Head lice during pregnancy and breastfeeding can be treated with pediculicides including permethrin, malathion, and ivermectin. There are studies providing evidence that these agents do not increase the risk of birth defects. 1-3 Therefore, the use of these agents is not likely to cause birth defects during pregnancy and they are unlikely to pass into milk in breastfeeding mothers.
Malathion and ivermectin may be reserved for resistant cases. Permethrin is preferred for breastfeeding and pregnant mothers because it is non-toxic, and there is minimal absorption through the skin. Absorption of a 5% permethrin cream is less than 2%.4 For effective elimination of lice, bedding and clothing should be removed and washed in hot water, nails and toenails need to be cleaned and treated, eggs in the hair should be removed with a fine comb. All persons in contact with lice should be treated to prevent spreading. Most importantly, a second treatment with permethrin detergent is required after 10 to kill any remaining nits and lice. Studies suggest that metal combs works better for removing eggs, than the cheaper plastic varieties.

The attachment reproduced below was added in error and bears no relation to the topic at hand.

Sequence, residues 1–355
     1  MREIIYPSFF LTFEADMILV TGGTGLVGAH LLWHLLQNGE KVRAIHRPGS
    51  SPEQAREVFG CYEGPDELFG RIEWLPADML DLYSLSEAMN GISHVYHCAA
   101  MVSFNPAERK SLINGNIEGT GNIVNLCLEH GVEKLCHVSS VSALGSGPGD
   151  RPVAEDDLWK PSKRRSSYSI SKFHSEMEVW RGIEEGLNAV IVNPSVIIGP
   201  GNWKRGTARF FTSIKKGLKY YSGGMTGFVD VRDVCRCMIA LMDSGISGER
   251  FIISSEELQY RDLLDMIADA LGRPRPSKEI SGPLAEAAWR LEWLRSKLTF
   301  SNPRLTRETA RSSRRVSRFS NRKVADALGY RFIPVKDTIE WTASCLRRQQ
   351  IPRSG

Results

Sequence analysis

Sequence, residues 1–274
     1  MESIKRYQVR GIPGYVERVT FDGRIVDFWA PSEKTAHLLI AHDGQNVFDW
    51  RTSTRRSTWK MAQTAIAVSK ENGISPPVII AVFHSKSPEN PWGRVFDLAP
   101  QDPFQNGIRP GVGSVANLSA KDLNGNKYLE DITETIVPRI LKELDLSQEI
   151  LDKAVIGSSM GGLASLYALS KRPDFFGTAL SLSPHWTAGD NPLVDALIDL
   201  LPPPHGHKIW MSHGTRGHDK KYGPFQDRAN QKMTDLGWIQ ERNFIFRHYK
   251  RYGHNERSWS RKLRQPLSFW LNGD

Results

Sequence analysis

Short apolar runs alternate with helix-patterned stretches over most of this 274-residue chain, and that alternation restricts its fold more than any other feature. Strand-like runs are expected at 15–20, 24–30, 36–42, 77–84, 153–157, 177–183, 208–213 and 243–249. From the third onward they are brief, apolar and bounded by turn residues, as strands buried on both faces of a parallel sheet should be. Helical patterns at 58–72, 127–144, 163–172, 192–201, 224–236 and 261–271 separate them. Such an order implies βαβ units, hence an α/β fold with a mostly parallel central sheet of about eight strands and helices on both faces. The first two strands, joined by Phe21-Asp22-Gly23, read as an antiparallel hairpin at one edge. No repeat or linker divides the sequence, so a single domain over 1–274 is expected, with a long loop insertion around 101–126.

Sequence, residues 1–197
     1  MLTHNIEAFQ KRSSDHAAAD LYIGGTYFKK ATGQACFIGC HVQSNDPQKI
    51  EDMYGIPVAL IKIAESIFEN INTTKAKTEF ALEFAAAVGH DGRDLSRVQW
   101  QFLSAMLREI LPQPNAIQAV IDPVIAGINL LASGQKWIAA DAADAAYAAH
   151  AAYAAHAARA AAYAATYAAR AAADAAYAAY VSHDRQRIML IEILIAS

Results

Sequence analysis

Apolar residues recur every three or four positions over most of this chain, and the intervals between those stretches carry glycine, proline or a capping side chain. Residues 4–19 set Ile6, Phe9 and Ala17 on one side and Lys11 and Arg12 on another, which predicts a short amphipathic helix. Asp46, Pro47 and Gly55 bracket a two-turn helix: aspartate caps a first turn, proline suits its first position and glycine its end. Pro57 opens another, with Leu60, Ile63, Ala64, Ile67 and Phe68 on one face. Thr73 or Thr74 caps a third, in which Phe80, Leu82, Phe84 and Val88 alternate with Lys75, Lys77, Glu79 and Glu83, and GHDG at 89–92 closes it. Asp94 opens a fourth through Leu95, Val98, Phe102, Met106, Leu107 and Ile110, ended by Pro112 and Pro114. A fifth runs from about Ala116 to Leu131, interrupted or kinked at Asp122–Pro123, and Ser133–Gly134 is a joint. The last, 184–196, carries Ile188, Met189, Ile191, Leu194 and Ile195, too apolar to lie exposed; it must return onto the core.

If you simply don't want to use one of these insecticides, then check out the website on Cetaphil, the hand lotion that when applied and dried on the hair, seems to kill lice pretty well.
1. Kennedy D, Hurst V, Konradsdottir E, Einarson A: Pregnancy outcome following exposure to permethrin and use of teratogen information. Am J Perinatol 2005;22:87-90.
2. Thomas D, Goldhaber M, Petitti D et al: Reproductive outcome in women exposed to malathion. Am J Epidemiol 1990;132(4):794-5
3. Pacque M, Munoz B, Poetschke G, Foose J, Greene BM, Taylor HR. Pregnancy outcome after inadvertent ivermectin treatment during community-based distribution. Lancet. Dec 15 1990;336(8729):1486-1489.
4. Pharmaceutical Manufacturer Prescribing Information.